Abdul Aziz Muhamat (Aziz) is a compelling and tireless advocate for refugee rights. He has been trapped in the Australian offshore immigration system on Manus Island, Papua New Guinea, since October 2013, along with hundreds of other refugees and asylum seekers.
>He belongs to the Zaghawa ethnic group of Darfur, in north-western Sudan. In 2013, the conflict forced him to seek asylum. He flew to Indonesia and travelled onward by boat for Australia. His boat was intercepted by Australian authorities, who forcibly transferred him into the country’s offshore immigration system at the Lombrum naval base, on Manus Island. He was granted refugee status in early 2015, but remains on Manus Island, along with several hundred other men who were transferred there after arriving in Australian territory by boat and seeking asylum.
Aziz is one of the primary public voices among the men held on Manus Island and regularly speaks out on international news media. For two years, he sent over 4000 thousand voice messages to report on his experiences for the multi award-winning podcast, The Messenger.
Working with several Australian and international human rights and refugee advocacy organisations, Aziz has worked continuously on behalf of refugees and asylum seekers on Manus Island in order to allow them to leave the island and be resettled in safety and security. He has also working tirelessly advocating for humane living conditions and adequate medical care.
He has been deeply involved in various kinds of peaceful resistance, including letter writing to politicians, a mass hunger strike (for which he and dozens of others were arrested and held in PNG police and prison cells for up to four weeks without charge in January 2015), and various periods of non-cooperation and peaceful and silent protest.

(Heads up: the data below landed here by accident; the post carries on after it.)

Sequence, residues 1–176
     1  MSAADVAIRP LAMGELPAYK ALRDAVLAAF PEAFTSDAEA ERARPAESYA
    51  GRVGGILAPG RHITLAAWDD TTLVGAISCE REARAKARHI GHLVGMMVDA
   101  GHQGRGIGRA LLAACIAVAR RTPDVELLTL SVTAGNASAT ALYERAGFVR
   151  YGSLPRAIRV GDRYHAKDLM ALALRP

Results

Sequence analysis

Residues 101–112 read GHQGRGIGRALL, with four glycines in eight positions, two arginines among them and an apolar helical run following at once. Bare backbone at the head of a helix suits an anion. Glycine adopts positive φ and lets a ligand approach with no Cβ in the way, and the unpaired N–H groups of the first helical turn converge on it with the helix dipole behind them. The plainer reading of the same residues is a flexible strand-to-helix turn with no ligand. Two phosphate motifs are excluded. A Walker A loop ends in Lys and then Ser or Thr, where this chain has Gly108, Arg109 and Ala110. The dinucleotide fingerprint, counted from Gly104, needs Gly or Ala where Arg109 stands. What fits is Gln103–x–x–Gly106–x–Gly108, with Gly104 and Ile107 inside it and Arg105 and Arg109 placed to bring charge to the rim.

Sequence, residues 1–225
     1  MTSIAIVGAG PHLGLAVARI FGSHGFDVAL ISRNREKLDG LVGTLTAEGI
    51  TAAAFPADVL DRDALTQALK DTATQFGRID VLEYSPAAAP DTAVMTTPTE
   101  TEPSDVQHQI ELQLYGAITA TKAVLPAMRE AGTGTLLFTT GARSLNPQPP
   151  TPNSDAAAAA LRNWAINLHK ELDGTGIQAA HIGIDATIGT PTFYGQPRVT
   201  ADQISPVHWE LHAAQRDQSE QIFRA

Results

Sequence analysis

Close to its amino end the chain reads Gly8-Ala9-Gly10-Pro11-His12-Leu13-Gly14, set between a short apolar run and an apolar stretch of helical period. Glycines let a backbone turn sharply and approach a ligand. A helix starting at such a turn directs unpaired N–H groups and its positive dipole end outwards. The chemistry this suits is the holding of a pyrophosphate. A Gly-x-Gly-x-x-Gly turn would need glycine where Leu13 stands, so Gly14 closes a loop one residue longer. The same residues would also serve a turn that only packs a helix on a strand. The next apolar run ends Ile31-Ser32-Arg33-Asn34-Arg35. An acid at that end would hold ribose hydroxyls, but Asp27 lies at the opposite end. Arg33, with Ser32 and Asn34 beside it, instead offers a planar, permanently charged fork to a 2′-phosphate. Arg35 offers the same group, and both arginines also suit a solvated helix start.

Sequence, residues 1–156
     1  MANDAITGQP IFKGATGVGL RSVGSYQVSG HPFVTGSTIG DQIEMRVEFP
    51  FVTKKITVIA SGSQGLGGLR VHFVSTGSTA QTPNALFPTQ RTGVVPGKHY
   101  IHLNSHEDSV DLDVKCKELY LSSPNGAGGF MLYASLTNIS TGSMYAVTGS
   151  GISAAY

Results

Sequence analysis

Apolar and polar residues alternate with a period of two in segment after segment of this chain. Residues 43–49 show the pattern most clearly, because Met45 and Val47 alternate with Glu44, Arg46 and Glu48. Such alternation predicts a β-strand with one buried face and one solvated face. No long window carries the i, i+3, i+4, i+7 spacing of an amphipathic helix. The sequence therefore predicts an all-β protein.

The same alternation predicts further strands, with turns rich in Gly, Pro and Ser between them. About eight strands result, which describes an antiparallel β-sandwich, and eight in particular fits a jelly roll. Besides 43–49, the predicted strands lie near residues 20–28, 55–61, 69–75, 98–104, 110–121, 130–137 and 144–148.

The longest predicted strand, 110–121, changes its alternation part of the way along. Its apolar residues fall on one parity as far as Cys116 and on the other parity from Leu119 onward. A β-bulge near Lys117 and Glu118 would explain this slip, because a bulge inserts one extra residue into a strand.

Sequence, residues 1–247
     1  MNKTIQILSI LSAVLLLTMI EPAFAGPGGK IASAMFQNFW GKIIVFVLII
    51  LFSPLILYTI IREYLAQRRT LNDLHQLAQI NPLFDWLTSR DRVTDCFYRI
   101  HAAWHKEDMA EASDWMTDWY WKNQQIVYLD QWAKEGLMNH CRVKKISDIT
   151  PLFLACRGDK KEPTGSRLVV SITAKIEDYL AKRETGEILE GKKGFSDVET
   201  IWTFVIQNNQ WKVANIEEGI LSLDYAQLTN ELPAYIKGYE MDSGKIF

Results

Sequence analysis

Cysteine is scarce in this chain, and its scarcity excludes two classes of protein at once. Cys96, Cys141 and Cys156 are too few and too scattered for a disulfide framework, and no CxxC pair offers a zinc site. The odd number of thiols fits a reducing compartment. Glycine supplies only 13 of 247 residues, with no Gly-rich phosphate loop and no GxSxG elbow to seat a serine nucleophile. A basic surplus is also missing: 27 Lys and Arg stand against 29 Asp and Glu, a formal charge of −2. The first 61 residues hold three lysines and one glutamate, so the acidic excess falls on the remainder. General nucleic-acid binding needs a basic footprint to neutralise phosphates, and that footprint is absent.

The centre fell into its worst crisis on 31 October 2017, when Australian authorities and contractors left Manus Island, having sought to close the site in the naval base and force the refugees and asylum seekers to move to three other facilities close to the main town on Manus Island. The men refused to leave. From the beginning of August, they held daily peaceful protests – demanding instead to be granted freedom in a third country. The men remained in the centre without provision of food, water, electricity or medical care for 24 days, until they were moved by force by PNG authorities.
Aziz was one of the leaders of the protest movement, During a 24-day standoff, Aziz also played the role of the welfare coordinator, overseeing the equitable distribution of smuggled food and medicine; facilitating doctors’ consultations by phone for those who were ill; and liaising with donors and advocates in Australia who sent money to pay for necessities.
Abdul Aziz Muhamat was granted refugee status in early 2015. However, he is still in Manus, as are many other men, because he has not found a host country. New Zealand offered to accept 150 of them, but Australia opposed this. Abdul Aziz Muhamat is determined to secure the departure to a third country of all refugees and asylum seekers who fell victim to Australia’s offshore immigration policy.